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OBESITY | VOLUME 18 NUMBER 11 | NOVEMBER 2010 2125 nature publishing group ARTICLES INTEGRATIVE PHYSIOLOGY INTRODUCTION It was believed for a long time that simply an inert energy storage tissue with irrelevant metabolic activity, in the last years the adipose tissue, properly defned adipose organ (1), has been assuming a constantly growing metabolic relevance due to its pleiotropic functions. Indeed, besides its well-known funda- mental function in regulating energy homeosta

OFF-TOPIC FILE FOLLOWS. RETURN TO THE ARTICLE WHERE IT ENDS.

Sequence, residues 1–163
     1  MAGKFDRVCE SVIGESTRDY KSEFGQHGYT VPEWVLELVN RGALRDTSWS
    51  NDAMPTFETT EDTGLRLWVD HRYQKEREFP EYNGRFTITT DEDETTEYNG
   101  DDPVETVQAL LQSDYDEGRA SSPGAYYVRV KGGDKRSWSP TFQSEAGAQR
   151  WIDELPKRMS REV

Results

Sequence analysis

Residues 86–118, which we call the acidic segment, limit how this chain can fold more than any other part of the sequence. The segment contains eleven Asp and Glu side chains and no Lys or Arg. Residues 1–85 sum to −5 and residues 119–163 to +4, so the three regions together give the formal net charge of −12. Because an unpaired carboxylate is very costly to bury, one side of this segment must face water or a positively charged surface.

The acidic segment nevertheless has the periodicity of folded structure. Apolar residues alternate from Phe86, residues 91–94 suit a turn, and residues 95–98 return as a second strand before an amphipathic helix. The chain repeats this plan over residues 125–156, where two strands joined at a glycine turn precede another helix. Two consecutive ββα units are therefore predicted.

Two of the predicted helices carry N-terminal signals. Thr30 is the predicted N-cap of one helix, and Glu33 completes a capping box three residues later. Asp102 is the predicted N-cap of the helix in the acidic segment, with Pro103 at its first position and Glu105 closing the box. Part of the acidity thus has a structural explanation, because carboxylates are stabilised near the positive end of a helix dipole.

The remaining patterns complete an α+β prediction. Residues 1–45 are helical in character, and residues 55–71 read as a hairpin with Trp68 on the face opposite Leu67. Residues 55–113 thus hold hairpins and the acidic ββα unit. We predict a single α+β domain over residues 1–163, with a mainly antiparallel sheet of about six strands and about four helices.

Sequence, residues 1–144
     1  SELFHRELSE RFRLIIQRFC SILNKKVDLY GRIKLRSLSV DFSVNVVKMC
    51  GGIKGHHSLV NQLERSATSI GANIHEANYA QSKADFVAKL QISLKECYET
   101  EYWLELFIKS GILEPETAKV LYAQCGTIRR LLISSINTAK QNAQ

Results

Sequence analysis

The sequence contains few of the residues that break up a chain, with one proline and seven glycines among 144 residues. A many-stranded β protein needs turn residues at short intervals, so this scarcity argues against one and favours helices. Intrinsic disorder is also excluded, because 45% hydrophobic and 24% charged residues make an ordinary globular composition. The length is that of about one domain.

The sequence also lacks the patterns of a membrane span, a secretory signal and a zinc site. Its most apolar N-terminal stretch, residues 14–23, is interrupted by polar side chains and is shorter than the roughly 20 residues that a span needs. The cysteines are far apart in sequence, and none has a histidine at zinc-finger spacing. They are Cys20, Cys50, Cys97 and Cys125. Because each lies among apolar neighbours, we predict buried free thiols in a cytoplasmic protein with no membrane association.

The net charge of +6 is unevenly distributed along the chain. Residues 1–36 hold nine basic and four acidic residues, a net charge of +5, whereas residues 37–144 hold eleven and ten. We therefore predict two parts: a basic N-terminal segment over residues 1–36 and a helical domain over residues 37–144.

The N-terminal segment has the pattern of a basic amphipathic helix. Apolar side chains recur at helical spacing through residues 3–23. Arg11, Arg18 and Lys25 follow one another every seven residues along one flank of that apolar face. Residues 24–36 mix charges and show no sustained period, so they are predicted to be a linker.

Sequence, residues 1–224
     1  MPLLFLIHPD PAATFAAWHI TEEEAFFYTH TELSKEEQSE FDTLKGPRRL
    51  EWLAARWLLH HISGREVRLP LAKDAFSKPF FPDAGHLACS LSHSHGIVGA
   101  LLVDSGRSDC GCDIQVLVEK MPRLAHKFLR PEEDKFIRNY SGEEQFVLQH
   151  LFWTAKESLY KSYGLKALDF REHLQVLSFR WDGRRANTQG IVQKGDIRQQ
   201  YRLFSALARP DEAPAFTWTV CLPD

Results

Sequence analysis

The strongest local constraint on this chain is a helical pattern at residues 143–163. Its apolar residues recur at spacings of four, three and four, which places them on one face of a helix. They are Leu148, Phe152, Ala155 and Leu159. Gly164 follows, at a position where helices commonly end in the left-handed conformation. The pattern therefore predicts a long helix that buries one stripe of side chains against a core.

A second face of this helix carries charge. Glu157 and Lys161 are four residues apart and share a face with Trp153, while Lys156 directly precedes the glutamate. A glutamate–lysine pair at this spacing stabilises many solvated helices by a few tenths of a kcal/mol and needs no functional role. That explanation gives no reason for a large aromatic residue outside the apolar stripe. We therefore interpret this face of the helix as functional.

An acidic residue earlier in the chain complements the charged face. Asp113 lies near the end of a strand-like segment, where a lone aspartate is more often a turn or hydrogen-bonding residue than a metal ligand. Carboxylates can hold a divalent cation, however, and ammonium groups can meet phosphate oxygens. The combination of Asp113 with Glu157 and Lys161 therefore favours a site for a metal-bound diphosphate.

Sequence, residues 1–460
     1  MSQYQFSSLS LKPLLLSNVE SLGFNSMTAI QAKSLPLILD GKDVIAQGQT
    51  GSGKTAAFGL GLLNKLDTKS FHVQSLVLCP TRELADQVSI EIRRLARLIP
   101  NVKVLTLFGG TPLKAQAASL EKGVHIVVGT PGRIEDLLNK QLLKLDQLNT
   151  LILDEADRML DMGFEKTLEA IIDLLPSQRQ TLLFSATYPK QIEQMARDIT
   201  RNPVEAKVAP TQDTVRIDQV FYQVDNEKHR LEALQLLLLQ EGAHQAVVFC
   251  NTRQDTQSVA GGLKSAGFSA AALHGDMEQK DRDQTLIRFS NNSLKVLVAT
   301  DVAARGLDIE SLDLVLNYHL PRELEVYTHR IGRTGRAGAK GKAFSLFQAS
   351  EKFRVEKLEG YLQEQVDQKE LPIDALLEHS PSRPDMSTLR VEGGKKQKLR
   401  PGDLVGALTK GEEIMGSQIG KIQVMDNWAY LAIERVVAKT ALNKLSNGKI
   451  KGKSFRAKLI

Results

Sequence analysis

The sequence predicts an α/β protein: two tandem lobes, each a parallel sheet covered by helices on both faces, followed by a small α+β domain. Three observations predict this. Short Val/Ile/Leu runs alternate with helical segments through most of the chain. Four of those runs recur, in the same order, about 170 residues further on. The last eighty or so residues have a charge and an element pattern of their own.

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  OBESITY |  VOLUME 18 NUMBER 11  |  NOVEMBER 2010  2125 nature publishing group  ARTICLES INTEGRATIVE PHYSIOLOGY INTRODUCTION It was believed or a long time that simply an inert energy storage tissue with irrelevant metabolic activity, in the last years the adipose tissue, properly defined adipose organ (1), has been assuming a constantly growing metabolic relevance due to its pleiotropic unctions. Indeed, besides its well-known unda- mental unction in regulating energy homeostasis, adipocytes also mediate many physiologic and pathologic processes by means o numerous secretory products. In this regard, adipocytokines, such as leptin and adipo-nectin, and proinflammatory actors, such as tumor necrosis actor (NF-α), interleukin (IL)-6 and 1, have been demon-strated to play an important role in the onset o the major obesity-related comorbidities (2,3). Several lines o evidence suggest that obesity cannot be characterized only by BMI. Percentage at mass (FM) and at distribution may be different in subjects with the same BMI, and lean and obese subjects share different metabolic characteristics (4,5). Furthermore, ethnic differences in body composition are well known (6) and specific values or waist circumerence (W) and central obesity definition have been thereore proposed (7). Moreover, in white women two condi- tions o normal weight and increased body at composition have been recently characterized and have been described as metabolically obese normal weight (8) and normal-weight obese (NWO) (9).Te NWO syndrome, the distinctive characteristic o 33.7% o healthy emale subjects studied, was characterized by a normal BMI (<25 kg/m 2 ), but high FM percentage (FM% >30%), and significantly higher values o proinflammatory cytokines (10). NWO were similar to preobese-obese (OB) women not only or at body mass distribution, but also or cardiovascular (CVD) risk index values. Tey also do not maniest the metabolic syndrome, despite ew, i any, metabolic abnormalities (11). Oxidative Stress in Normal-Weight Obese Syndrome Laura Di Renzo 1,2 , Fabio Galvano 3 , Carmine Orlandi 1 , Alessia Bianchi 1 , Claudia Di Giacomo 3 , Luca La Fauci 3 , Rosaria Acquaviva 3  and Antonino De Lorenzo 1,2 The normal-weight obese (NWO) syndrome was identified in women whose body weight (BW) and BMI are normal but whose fat mass (FM) is >30%. In these subjects, an early inflammatory status has been demonstrated. The aim was to verify whether oxidative stress occurs in NWO. Sixty age-matched white Italian women were studied and subdivided as follows: 20 normal-weight individuals (NW) (BMI <25 kg/m 2 ; FM% <30%); 20 NWO (BMI <25 kg/m 2 ; FM% >30%); 20 preobese-obese (OB) (BMI >25 kg/m 2 ; FM% >30%). Anthropometric, body composition (by dual-energy X-ray absorptiometry) variables, plasma levels of some cytokines, reduced glutathione (GSH), lipid hydroperoxide (LOOH), nitric oxide (NO) metabolites (NO 2−  /NO 3−  ), antioxidant nonproteic capacity (ANPC) were measured and compared between groups. Glucose and lipid metabolism parameters were assessed. GSH and NO 2−  /NO 3−  levels resulted lower in OB and NWO compared to NW (  P  < 0.01). LOOH levels resulted higher in OB and NWO (  P  < 0.01). ANPC in NWO was lower than NW but higher with respect to OB (  P  < 0.01). Correlation analysis revealed strong associations between GSH levels and BW, BMI, FM% (  R  = −0.45, at least P  < 0.05); waist circumference (W) (  R  = −0.33, P  < 0.05); FFM% (  R  = 0.45, P  < 0.01); IL-1 α , IL-6, IL-10, IL-15 (  R  = −0.39, −0.33, −0.36 −0.34, respectively, P  < 0.05); triglycerides (  R  = −0.416, P  < 0.05). LOOH levels were negatively related to FFM% (  R  = −0.413, P  < 0.05) and positively to FM%, IL-15, TNF- α , insulin, total cholesterol, low-density lipoprotein cholesterol, and triglycerides (  R  = 0.408, R  = 0.502, R = 0.341, R  = 0.412, R  = 0.4036, R  = 0.405, R  = 0.405, respectively, P  < 0.05). The study clearly indicates that NWO, besides being in early inflammatory status, are contextually exposed to an oxidative stress related to metabolic abnormalities occurring in obesity. Obesity   (2010) 18,  2125–2130. doi:10.1038/oby.2010.50 1 Division of Human Nutrition, Department of Neuroscience, University of Rome Tor Vergata, Rome, Italy; 2 I.N.Di.M., National Institute for Mediterranean Diet and Nutrigenomic, Reggio Calabria, Italy; 3 Division of Medical Chemistry and Molecular Biology, Department of Biological Chemistry, University of Catania, Catania, Italy. Correspondence: Antonino De Lorenzo (delorenzo@uniroma2.it ) Received 14 October 2009; accepted 16 February 2010; published online 25 March 2010. doi:10.1038/oby.2010.50  2126    VOLUME 18 NUMBER 11 |  NOVEMBER 2010 |  www.obesityjournal.org ARTICLES INTEGRATIVE PHYSIOLOGY Overall, in obese subjects an inflammatory status is accompanied by oxidative stress as recently underlined by two  valuable reviews (12,13). According to Grattagliano et al. , the associations between increased abdominal at and systemic oxidative stress, the diminished concentration o nitric oxide (NO) derivatives and antioxidant vitamins, and the endothe- lial oxidative damages, observed in subjects with the metabolic syndrome, definitively support oxidative stress, as the common second-level event, in a uniying pathogenic view. de Ferranti and Mozaffarian efficaciously defined as the  perfect storm  the  vicious circle linking obesity, oxidative stress, inflammation, and metabolic disorders.Te objective o the present study was to veriy the hypoth-esis that in NWO women early inflammation is accompanied by oxidative stress. With this aim, we evaluated our oxidative stress markers in plasma: glutathione (GSH), lipid hydroper-oxide (LOOH), NO metabolites (NO 2− /NO 3− ) levels, and antioxidant nonproteic capacity (ANPC) on the same NWO women previously investigated (10). Moreover, we examined the relationship among markers o oxidative stress and body composition, and cytokines level, and metabolic parameters, in all the study population. METHODS AND PROCEDURESSubject characteristics Te study population comprised 60 white Italian women (aged 20–35 years) previously selected in the study o De Lorenzo et al.  (10). Subjects were divided into three groups: (i) 20 women with a normal weight and a BMI <25 kg/m 2  (control group, NW); (ii) 20 NWO women with a normal weight, a BMI <25 kg/m 2 , and a FM% >30%; and (iii) 20 OB women with a BMI >25 kg/m 2  and a FM% >30%. Te subjects were classified as OB according to a World Health Organization echnical Report and a World Health Organization echnical Report Series (14,15). All o the women were ree o hypertension and CVD, had regular 28-day menstrual cycles, were in generally good health, did not assume antioxidant supplementations, did not smoke or abuse alcohol, and did not take any hormonal contraceptives or any other drug. All o the subjects provided consent to take part in the study, which was conducted according to the guidelines of the “Tor Vergata” University Medical Ethical Committee, Rome, Italy. Anthropometric measurements Afer a 12-h overnight ast, all subjects underwent anthropometric evaluation. Anthropometric parameters o all the participants were measured according to standard methods (body weight (BW), height and W) (16). Subjects were instructed to take off their clothes and shoes beore perorming all the measurements. BW (kg) was measured to the nearest 0.1 kg, using a balance scale (Invernizzi, Rome, Italy). Height (cm) was measured using a stadiometry to the nearest 0.1 cm (Invernizzi, Rome, Italy). W was measured with a flexible steel metric tape to the nearest 0.5 cm, at the horizontal plane that corresponds with the narrowest point between the crest iliac and the bottom rib. BMI was calculated using the ormula: BMI = BW (kg)/height (m) 2 . Dual-energy X-ray absorptiometry Te total body composition was assessed by dual-energy X-ray absorp-tiometry (Lunar DPX; GE Medical Systems, Milwaukee, WI), according to the previously described procedure (11). Te average measurement time was 20 min. Te effective radiation dose rom this procedure is about 0.01 mSv. Te coefficient o variation (CV% = 100 × s.d./mean) intra- and intersubjects ranged rom 1 to 5%. Te coefficient o vari- ation or bone measurements is <1%; coefficient o variations on this instrument or five subjects scanned six times over a 9-month period were 2.2% or FM, and 1.1% or lean body mass. Te expected and reerence values or FM% in NWO women were 30.1–48.3%. Hematological sampling and measurements Heparinized venous blood was collected afer overnight asting and between days 8 and 12 o the preovulation phase. Standard serum lab- oratory tests o asting glucose, insulin, cholesterol, and triglycerides were carried out by the accredited Clinical Chemical Laboratories o the “or Vergata” Polyclinic (PV) o Rome, Italy. Plasma or GSH, LOOH, NO 2− /NO 3−  and ANPC assays was separated by centriugation at 800  g    or 10 min. Levels o total GSH were measured, in 200 µl o plasma, using Miao Lin’s method (17). Plasmatic LOOH levels were measured ollowing the oxidation o Fe 2+  to Fe 3+  in the presence o xylenol orange at  λ  = 560 nm (18). Plasmatic NO 2− /NO 3−  concentrations were deter- mined with Griess reagent at  λ  = 540 nm (19). ANPC o human plasma was evaluated measuring its ree-radical scavenging ability. Superoxide anion was generated in vitro  as described by Russo et al.  (20). Immunological assay Blood samples (5 ml) were collected between days 8 and 12 o the preo-  vulation phase into sterile tubes containing EDA (evacuated tubes),  via venipuncture early in the morning, afer an overnight ast (12 h). All materials were immediately placed in ice, and plasma was separated by centriugation at 1,600  g   or 10 min at 4 °C. Plasma samples were stored at −70 °C in 1-ml aliquots until assayed. Plasma concentrations o IL-1α, IL-1β, IL-6, IL-10, IL-15, NF-α cytokines were determined in duplicate using a high sensitivity commercial sandwich enzyme-linked immunosorbent assay kit (SearchLight Human Inflammatory Cytokine Array 1; Endogen, Perbio, Brebières, France). All assay procedures were perormed as described by the manuacturer. Te lower limit o cytokine’s detection was 0.02 pg/ml. Statistical analysis Data are presented as group means ± s.d. Data were analyzed by non- parametric methods to avoid assumptions about the distribution o the measured variables. Te Mann–Whitney analysis o variance test was used to compare groups. Associations between parameters were assessed using the Spearman’s rank correlation test. All tests were con-sidered significant at P   < 0.05. Statistical analysis was perormed using a computer sofware package (SPSS or Windows, version 13.0; SPSS, Chicago, IL). RESULTS All the 60 enrolled individuals completed the study and their results were eligible or data analysis. Te anthropometric and body composition characteris-tics, i.e., BMI and FM%, o the studied groups are presented in Figures 1  and  2 . As expected, BMI and FM% values o NWO were ound in an intermediate position between NW and OB. Significant differences in FM% between NW and NWO, NW and OB were observed ( P   < 0.05), but not between NWO and OB. Te z  -score BMI was calculated or each group; NW: −0.89 ± 0.40; NOW: −0.24 ± 0.34; OB: 1.16 ± 0.95. Significant difference in BMI between each group was obtained ( P   < 0.05). Moreover, the three groups differed also or BW (NW: 51.8 ± 4.6 kg; NWO: 59.6 ± 7.2 kg; OB: 70.9 ± 10.3 kg; P   < 0.05) and or W (NW: 65.1 ± 3.9 cm; NWO: 72.3 ± 4.9 cm; OB: 85.9 ± 10.2 cm; P   < 0.05; data not shown).Te mean values o GSH, ANPC, LOOH, NO 2− /NO 3−  or the NW, NWO, and OB are given in  Table 1 . Plasma GSH levels were lower in OB and NWO than in NW ( P   < 0.01). Te present  OBESITY |  VOLUME 18 NUMBER 11  |  NOVEMBER 2010  2127 ARTICLES INTEGRATIVE PHYSIOLOGY study highlighted a significant reduction o ANPC values in NWO with respect to controls ( P   < 0.01); moreover, ANPC in OB was significantly lower ( P   < 0.01) than in NWO and NW. Coherently with low plasmatic GSH and ANPC levels, LOOH concentration resulted higher in OB and NWO than in NW ones ( P   < 0.01). Additionally, the concentration o NO 2− /NO 3−  resulted lower in OB and NWO than in NW ( P   < 0.01).Plasma IL-1α, IL-2β, IL-6, IL-10, IL-15 and NF-α levels o the three groups are shown in  Figure 3 . Plasma cytokines con- centration was higher in OB and NWO, with respect to NW (NF-α and IL-6, both P   < 0.001; IL-1α, IL-2β, IL-15, all P   < 0.05). Instead, the anti-inflammatory IL-10 was not altered both in NWO and OB with respect to NW. No significant differ-ences in cytokines levels between NWO and OB were obtained. Spearman’s correlation between inflammatory cytokines con- centration and body composition parameters revealed signifi-cant associations o BW ( R  = 0.436, P   < 0.01), BMI ( R  = 0.520, P   < 0.01), ree FM percentage (FFM%) ( R  = −0.651, P   < 0.001), FM% ( R  = 0.630, P   < 0.001), W ( R  = 0.508, P   < 0.01), only with IL-15 (data not shown). Spearman’s correlation was perormed to evaluate the rela-tionship between oxidative stress, inflammation, and body composition parameters ( Table 2 ). GSH concentration was negatively related to weight, BMI, W, FM% ( P   < 0.01), IL-1α, IL-6, IL-10, IL-15 ( P   < 0.05); and positively related to FFM% ( P   < 0.01). LOOH was negatively associated with FFM% ( P   < 0,01) and positively with FM% ( P   < 0.01), NF-α and IL-15 ( P   < 0,05 both). A strong negative correlation between GSH and LOOH levels was also ound ( R  = −0.762, P   < 0.01). NO 2− /NO 3−  con-centration was negatively related to IL-15 ( P   < 0.05). Any corre-lation between ANPC% and body composition, inflammatory parameters was obtained. A significant negative correlation between ANPC% and GSH was highlighted ( P   < 0.05). Spearman’s correlation between inflammation, oxidative stress, and glucose/lipid metabolism blood parameters was perormed ( Table 3 ). GSH levels were negatively related to triglycerides ( R  = −0,4416, P   < 0.05). A multiple positive cor-relation was observed between LOOH and: insulin ( R  = 0.414, P   < 0.05); total cholesterol ( R  = 0.436, P   < 0.05); low-density lipoprotein cholesterol ( R  = 0.405, P   < 0.05); and triglycer- ides ( R  = 0.405, P   < 0.05). No significant correlations between inflammation and glucose/lipid metabolism blood parameters were observed. 051015202530NWNWOOB ** *    B   M   I   (   k  g   /  m    2    ) 35 Figure 1 Characterization of the studied groups through BMI. All values are mean ± s.d.; BMI z  -score NW: −0.89 ± 0.40; NWO: −0.24 ± 0.34; OB: 1.16 ± 0.95. *Significantly different, P   < 0.05 (Mann–Whitney test); n   = 20 for each group. NW, normal weight; NWO, normal-weight obese; OB, preobese-obese. 051015202530NWNWOOB **    F  a   t  m  a  s  s   (   %   )  3540455055 Figure 2 Characterization of the studied groups through fat mass content (in percentage). All values are mean ± s.d. *Significantly different, P   < 0.05 (Mann–Whitney test); n   = 20 for each group. NW, normal weight; NWO, normal-weight obese; OB, preobese-obese. Table 1 Plasma oxidative markers of the studied groups ParametersGroupsNW (   n  = 20)NWO (   n  = 20)OB (   n  = 20) GSH (µmol/ml)0.56 ± 0.050.44 ± 0.05*0.43 ± 0.04*LOOH (µmol/ml)38.61 ± 1.9466.76 ± 4.73*71.50 ± 6.94*NO 2−  /NO 3−  (nmol/ml)91.94 ± 4.6063.09 ± 4.41*66.43 ± 3.98* ANPC (%)99.25 ± 2.0375.47 ± 4.11*54.61 ± 5.52* , **  All values are mean ± s.d. ANPC, antioxidant non proteic capacity (%); GSH, reduced glutathione; LOOH, lipid hydroperoxide; NO 2−  /NO 3− , nitrite/nitrate; NW, normal weight; NWO, normal weight obese; OB, preobese-obese.*Significantly different from NW group, P   < 0.01 (Mann–Whitney test). **Signifi-cantly different from NWO group, P   < 0.01 (Mann–Whitney test). 0IL-1 α  IL-1 β  IL-6 IL-10 IL-15 TNF- α 510 ******* 15202530NWNWOOB    P   l  a  s  m  a  c  o  n  c  e  n   t  r  a   t   i  o  n   (  p  g   /  m   l   ) 3540605550456570 Figure 3 Plasma cytokine levels in all studied groups. All values are mean ± s.d. *Significantly different from other groups. P   < 0.05 (Mann–Whitney test); **significantly different from other groups, P   < 0.001 (Mann–Whitney test); n   = 20 for each group. NW, normal weight; NWO, normal-weight obese; OB, preobese-obese.  2128    VOLUME 18 NUMBER 11 |  NOVEMBER 2010 |  www.obesityjournal.org ARTICLES INTEGRATIVE PHYSIOLOGY DISCUSSION Oxidant stress may be an important pathogenic mechanism in the obesity-associated metabolic syndrome (21), and it plays a critical role in the pathogenesis o various diseases such as atherosclerosis cancer, CVDs, and diabetes mellitus (22,23). Oxidant stress results when ree-radical ormation is greatly increased or protective antioxidant mechanisms are compro-mised. Several research studies have suggested that obesity is associated with increased oxidant stress (24,25). However, recently, Brown et al.  demonstrated that only obesity, and not moderate overweight, elevates LOOH levels (26). In this article, we demonstrate, or the first time, that in NWO syndrome (12–14) overall the inflammatory status and the FM in excess are accompanied by oxidative stress. Indeed, in NWO, all the investigated markers o oxidative stress were comparable to those o OB except or ANPC that remains at an intermediate position between NW and OB. GSH represents about 90% o nonproteic thiol groups and has a protective role against oxidative and ree radical-medi- ated injury. An overall decrease in GSH levels has been associ-ated with chronic inflammatory diseases, and obesity does not seem to be an exception (27,28). Our data not only confirmed a significant lower GSH level in OB than NW, but also evidenced a comparable concentration o GSH between NWO and OB. Te negative correlations between GSH and body composition parameters, IL-lα, IL-6, and the anti-inflammatory IL-10, IL-15 urther support the association between oxidative stress and inflammation. Moreover, the negative correlation with triglyc-eride levels highlights the implication o a reduced antioxidant deense on metabolic abnormalities occurring in obesity. Lipid peroxidation is a well-known example o early oxi-dative damage in cell membranes, lipoproteins, and other lipid-containing structures. Our data clearly add urther evidences o the increased LOOH level in OB, comparable to NWO. Te significant association between LOOH levels and body composition, i.e., positive with FM% and negative with FFM%, gives efforts to the relationship between LOOH and some inflammatory cytokines herein observed. Te sig- nificant correlation between LOOH and most o the glucose/ lipid metabolism blood parameters finally stresses the direct effect o oxidative stress on metabolic abnormalities, involved in CVDs. Te increase o lipid peroxidation in OB is coherent with other studies (29,30). However, to our best knowledge, no literature data are available about lipid peroxidation in NWO. Recently, Brown et al.  (26) confirmed that LOOH was increased in obese subjects but not in overweight subjects, and Table 3 Correlation analysis between oxidative stress, inflammation and glucose/lipid metabolism blood parameters in all the study population Fasting glucoseFasting insulinTotal cholesterolLDL cholesterolHDL cholesterolTriglycerides IL-1 α −0,1520,081−0,097−0,1060,151−0,036IL-1 β −0,162−0,0580,1460,0980,3210,032IL-6−0,1860,140−0,118−0,1170,120−0,142IL-10−0,165−0,0840,1390,0580,2780,195IL-15−0,0410,074−0,0620,068−0,2380,006 TNF- α 0,0000,1480,1150,276−0,1520,061GSH0,029−0,031−0,291−0,229−0,049−0,416*LOOH0,0370,412*0,436*0,405*−0,0610,405*NO 2−  /NO 3− −0,0680,0650,1050,0740,0310,163 ANPC%−0,0880,249−0,083−0,051−0,1600,217 Data are correlation coefficients of Spearman analysis. ANPC, antioxidant non proteic capacity (%); GSH, reduced glutathione; HDL, high-density lipoprotein; IL, interleukin; LDL, low-density lipoprotein; LOOH, lipid hydroper-oxide;  n  = 60, total population; NO 2−  /NO 3− , nitrite/nitrate; TNF- α , tumor necrosis factor- α .* P   ≤  0.05. Table 2 Correlation analysis between oxidative stress, inflammation and body composition parameters in all the study population GSHLOOHNO 2−  /NO 3−  ANPC% BW−0.453**0.091−0.1000.257BMI−0.459**0.249−0.1740.249FFM%0.450**−0.413*0.172−0.280FM%−0.445*0.408*−0.1790.276W−0.326*0.106−0.191−0.243IL-1 α −0.391*0.0780.1680.266IL-1 β −0.216−0.0180.1430.051IL-6−0.325*0.0480.1090.261IL-10−0.357*0.343−0.0730.088IL-15−0.341*0.502*−0.405*0.059 TNF α 0.0590.341*−0.245−0.203GSH—−0.762**−0.183−0.490**LOOH−0.762**—−0.1330.210NO 2−  /NO 3− −0.183−0.133—0.279 ANPC%−0.490*0.2100.279— Data are correlation coefficients of Spearman analysis. ANPC, antioxidant non proteic capacity (%); BW, body weight; FFM, fat free mass; FM, fat mass; GSH, reduced glutathione; IL, interleukin; LOOH, lipid hydroperoxide;  n  = 60, total population; NO 2−  /NO 3− , nitrite/nitrate; TNF- α , tumor necrosis factor- α ; W, waist circumference.* P   ≤  0.05; ** P ≤ 0.01.